The popular messaging service Telegram was banned in Russia on Friday after a protracted battle with authorities.
A Russian court has imposed the ban on the messaging app on request of Russian authorities
It remains unclear, however, when the restrictions will actually come into effect, and on Friday afternoon the messenger was still accessible in Russia.
The company’s founder and chief executive Pavel Durov responded to the ruling, saying the company would not allow Russian authorities to decrypt users’ private conversations. “Telegram will use built-in methods to bypass any blocks,” Durov wrote on social media.
Why was Telegram blocked?
The saga between Russia’s authorities and Telegram in mid-2016 when lawmakers introduced anti-terrorist laws that require “information disseminators” to register in a state database and to decrypt personal information for the Federal Security Services (FSB).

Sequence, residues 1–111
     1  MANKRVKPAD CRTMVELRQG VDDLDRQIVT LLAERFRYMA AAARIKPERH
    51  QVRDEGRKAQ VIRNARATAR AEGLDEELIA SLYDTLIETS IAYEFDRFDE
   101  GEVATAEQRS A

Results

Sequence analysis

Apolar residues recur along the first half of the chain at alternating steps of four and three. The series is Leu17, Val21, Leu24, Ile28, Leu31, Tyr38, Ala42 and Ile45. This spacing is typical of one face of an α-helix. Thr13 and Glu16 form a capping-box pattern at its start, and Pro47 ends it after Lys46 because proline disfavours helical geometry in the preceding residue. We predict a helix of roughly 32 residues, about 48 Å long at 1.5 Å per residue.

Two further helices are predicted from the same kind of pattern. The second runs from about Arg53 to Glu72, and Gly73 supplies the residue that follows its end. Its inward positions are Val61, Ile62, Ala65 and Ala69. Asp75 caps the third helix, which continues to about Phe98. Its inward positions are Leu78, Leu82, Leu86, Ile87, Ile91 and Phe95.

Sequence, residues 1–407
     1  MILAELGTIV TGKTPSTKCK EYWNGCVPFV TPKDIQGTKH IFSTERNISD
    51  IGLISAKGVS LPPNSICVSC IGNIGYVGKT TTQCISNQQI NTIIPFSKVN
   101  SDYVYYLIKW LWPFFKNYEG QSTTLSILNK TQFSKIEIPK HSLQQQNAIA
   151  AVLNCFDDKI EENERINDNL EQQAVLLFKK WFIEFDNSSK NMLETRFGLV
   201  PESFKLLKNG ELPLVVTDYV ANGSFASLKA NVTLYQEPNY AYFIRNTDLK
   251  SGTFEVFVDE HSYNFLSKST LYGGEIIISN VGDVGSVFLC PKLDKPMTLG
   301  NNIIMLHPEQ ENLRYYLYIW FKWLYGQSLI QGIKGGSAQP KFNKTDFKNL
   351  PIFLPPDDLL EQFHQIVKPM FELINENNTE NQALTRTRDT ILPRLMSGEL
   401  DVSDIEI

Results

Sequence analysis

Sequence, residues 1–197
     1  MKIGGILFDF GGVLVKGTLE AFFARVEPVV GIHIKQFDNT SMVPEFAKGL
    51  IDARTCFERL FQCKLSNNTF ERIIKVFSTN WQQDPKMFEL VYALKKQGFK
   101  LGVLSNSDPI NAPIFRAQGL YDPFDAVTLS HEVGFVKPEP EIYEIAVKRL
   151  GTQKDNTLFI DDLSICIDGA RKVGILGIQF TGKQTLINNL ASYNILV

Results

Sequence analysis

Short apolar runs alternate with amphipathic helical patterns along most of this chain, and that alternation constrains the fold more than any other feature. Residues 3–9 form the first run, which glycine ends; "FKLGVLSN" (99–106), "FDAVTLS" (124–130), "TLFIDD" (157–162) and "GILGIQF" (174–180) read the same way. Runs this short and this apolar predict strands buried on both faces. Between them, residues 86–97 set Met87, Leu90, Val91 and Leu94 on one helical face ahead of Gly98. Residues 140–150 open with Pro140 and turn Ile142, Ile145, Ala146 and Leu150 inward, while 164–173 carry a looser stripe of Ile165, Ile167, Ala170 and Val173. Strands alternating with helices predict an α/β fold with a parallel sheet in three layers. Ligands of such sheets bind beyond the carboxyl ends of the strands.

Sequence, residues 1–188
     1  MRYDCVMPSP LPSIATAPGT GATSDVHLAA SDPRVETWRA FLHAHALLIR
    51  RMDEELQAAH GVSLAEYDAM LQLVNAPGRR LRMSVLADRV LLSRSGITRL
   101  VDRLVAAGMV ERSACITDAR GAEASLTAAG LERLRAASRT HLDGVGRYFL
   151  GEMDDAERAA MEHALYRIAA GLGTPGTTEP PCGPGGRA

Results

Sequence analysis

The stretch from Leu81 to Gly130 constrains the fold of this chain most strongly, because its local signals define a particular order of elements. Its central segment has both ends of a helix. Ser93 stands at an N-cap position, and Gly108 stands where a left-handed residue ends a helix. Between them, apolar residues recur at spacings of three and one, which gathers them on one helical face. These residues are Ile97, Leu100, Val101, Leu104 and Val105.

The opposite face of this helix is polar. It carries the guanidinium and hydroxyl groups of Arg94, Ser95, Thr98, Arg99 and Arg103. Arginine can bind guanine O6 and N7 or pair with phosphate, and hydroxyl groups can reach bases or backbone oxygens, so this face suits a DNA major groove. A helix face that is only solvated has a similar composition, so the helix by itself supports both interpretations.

After an Islamic State (IS)-linked suicide-bombing in the St. Petersburg metro last April left 16 people dead, the FSB claimed the perpetrators planned the attacks using Telegram.
To aid its investigation and prevent future attacks, the FSB demanded that the company hand over the “encryption keys” that would allow authorities to read private conversations.
Telegram refused, citing free speech. (On Friday, Durov wrote: “Human rights should not be compromised out of fear.”) Two prominent Russian journalists also later sued the FSB, citing confidential access to sources. They lost the suit.
All the while, Telegram has claimed the company does not even have access to the encryption keys which would decipher users’ messages.